When I first heard about the Google Chromebook, I couldn't understand why anybody would buy a computer that only "ran a browser". Sure you could buy one for $300-500 but then again, you can pickup a "cheap" windows based laptop for about the same price.
Notes from my day job
My day job is being the Chief Information Security Officer (CISO) of a large multinational manufacturer. When our employees travel to high risk locations, they are equipped with a special laptop with a hardened image and they are instructed to only load the bare minimum amount of information needed during this trip. We ask that everything else be kept on our company servers.
Why do we do this? Because the risk of having your equipment hacked is higher in some countries. Add to that the fact that most countries and ask you to log into your computer so that it can be "inspected" at the border.
Chromebook is the safest travel computer
So the Google Chromebook is designed to run a special operating system called the ChromeOS. It is basically a thin Linux operating system on which Google runs a customized version of their famous Chrome browser.
Because the entire system is the Chrome browser, you can't "install" typical applications. Sure this can be a pain but it is also one of the features that makes the Chromebook so secure. Even clicking on a malicious email or browsing a malicious website can't stealthily install malware. ChromeOS supports Flash but a malicious Flash attack using advertising networks can't infect your Chromebook. ChromeOS also doesn't run Java so you're safe from all of those attacks.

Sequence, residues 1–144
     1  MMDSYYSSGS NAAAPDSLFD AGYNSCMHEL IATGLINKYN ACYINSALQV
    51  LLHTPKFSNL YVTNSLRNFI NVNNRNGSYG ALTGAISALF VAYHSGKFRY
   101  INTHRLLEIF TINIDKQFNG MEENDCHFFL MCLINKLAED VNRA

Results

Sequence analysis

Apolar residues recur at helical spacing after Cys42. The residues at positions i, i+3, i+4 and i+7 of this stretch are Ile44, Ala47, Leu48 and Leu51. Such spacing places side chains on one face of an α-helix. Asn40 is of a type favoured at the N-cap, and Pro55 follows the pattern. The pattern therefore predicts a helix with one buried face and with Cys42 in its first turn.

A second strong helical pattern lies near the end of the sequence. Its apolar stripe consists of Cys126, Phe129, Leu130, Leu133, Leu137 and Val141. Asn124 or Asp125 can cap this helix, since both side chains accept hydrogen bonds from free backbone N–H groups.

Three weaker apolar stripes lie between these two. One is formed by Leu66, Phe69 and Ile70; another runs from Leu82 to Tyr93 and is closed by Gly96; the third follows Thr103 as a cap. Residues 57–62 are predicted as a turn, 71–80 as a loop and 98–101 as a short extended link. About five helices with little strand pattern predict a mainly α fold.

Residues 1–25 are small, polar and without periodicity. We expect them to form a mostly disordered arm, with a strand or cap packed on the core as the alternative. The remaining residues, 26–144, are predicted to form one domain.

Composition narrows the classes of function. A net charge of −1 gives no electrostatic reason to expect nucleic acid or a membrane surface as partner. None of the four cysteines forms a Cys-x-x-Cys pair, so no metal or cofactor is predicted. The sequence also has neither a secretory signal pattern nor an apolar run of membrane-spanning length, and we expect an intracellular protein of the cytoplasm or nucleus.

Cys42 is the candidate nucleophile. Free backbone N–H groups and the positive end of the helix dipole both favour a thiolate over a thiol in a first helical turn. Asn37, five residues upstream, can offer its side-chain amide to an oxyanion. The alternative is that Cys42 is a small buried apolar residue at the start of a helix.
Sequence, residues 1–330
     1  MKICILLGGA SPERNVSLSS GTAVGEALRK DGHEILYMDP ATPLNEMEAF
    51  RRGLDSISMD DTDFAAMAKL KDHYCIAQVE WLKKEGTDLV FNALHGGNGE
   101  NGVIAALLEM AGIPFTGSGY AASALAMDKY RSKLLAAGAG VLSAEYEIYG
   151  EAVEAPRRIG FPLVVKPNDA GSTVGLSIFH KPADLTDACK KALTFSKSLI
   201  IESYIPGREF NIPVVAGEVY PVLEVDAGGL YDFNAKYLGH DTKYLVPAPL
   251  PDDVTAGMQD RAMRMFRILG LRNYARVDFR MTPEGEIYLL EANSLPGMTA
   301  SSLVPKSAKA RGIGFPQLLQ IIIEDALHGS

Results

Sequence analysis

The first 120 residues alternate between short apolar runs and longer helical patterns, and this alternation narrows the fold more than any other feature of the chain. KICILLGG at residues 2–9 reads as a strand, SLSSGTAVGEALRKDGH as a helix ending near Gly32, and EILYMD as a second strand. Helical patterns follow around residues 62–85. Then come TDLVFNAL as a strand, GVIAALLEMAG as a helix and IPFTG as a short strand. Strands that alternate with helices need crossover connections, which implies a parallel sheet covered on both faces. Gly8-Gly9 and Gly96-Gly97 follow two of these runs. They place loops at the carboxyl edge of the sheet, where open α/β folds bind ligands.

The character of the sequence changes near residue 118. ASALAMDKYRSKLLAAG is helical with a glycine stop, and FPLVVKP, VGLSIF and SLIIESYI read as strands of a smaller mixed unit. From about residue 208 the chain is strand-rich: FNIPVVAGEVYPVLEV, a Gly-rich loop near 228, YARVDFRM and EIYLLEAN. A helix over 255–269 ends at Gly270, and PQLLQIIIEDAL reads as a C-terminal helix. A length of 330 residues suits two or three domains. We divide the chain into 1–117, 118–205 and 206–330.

You can install a malicious Chrome extension or one that is made malicious later through an update but you should only be installing extensions from trusted brand name developers.
So obviously Chrome is extremely difficult to hack which makes it a better option for high risk travel. Most Chromebooks come with a small token amount of storage because the entire premise of the Chromebook is that you should store your files in the cloud.
Easy & automatic encryption
Upon initial setup of your Chromebook, Google creates a private encryption key for you using the eCryptfs encrypting file system. This means an unauthorized person cannot see your data even if they rip our the drive.
Boot up secure check
Every time you boot a Chromebook, it runs a Verified boot process to ensure the software hasn't been tampered with. It checks every loaded component as it loads from Kernel to drivers (making sure they are the genuine unmodified Google provided versions).
This means that every time you log into a Chromebook, you can be assured you are logging into a secure login environment. This is much better than any Windows or Mac computer.
Update your system to stay secure
Anytime a vulnerability is discovered, software manufacturers rush to push out updates to their products. Microsoft has automated the process as much as possible but Google's Chromebook once again wins this round.
Google releases updates on an as needed basis or at least once every 6 weeks. Like the Chrome browser, the Chromebook automatically downloads and install the update with no user intervention. In the case of the Chromebook though, this process can update everything from the lowest level operating system function to how extensions are handled.